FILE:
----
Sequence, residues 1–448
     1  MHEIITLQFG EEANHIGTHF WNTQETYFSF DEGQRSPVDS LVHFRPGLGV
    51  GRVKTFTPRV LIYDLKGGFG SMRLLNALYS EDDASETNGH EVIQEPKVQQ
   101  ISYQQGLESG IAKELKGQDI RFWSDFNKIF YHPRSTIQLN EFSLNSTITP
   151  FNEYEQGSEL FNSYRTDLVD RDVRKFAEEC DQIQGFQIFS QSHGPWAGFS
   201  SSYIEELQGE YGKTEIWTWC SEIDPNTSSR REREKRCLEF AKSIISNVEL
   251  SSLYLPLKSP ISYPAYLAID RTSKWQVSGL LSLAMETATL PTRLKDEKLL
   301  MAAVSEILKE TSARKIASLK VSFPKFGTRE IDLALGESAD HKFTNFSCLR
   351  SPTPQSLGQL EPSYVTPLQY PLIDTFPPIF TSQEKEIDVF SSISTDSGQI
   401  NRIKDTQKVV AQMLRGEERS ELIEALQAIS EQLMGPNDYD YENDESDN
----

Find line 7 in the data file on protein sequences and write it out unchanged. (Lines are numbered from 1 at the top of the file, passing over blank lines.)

   251  SSLYLPLKSP ISYPAYLAID RTSKWQVSGL LSLAMETATL PTRLKDEKLL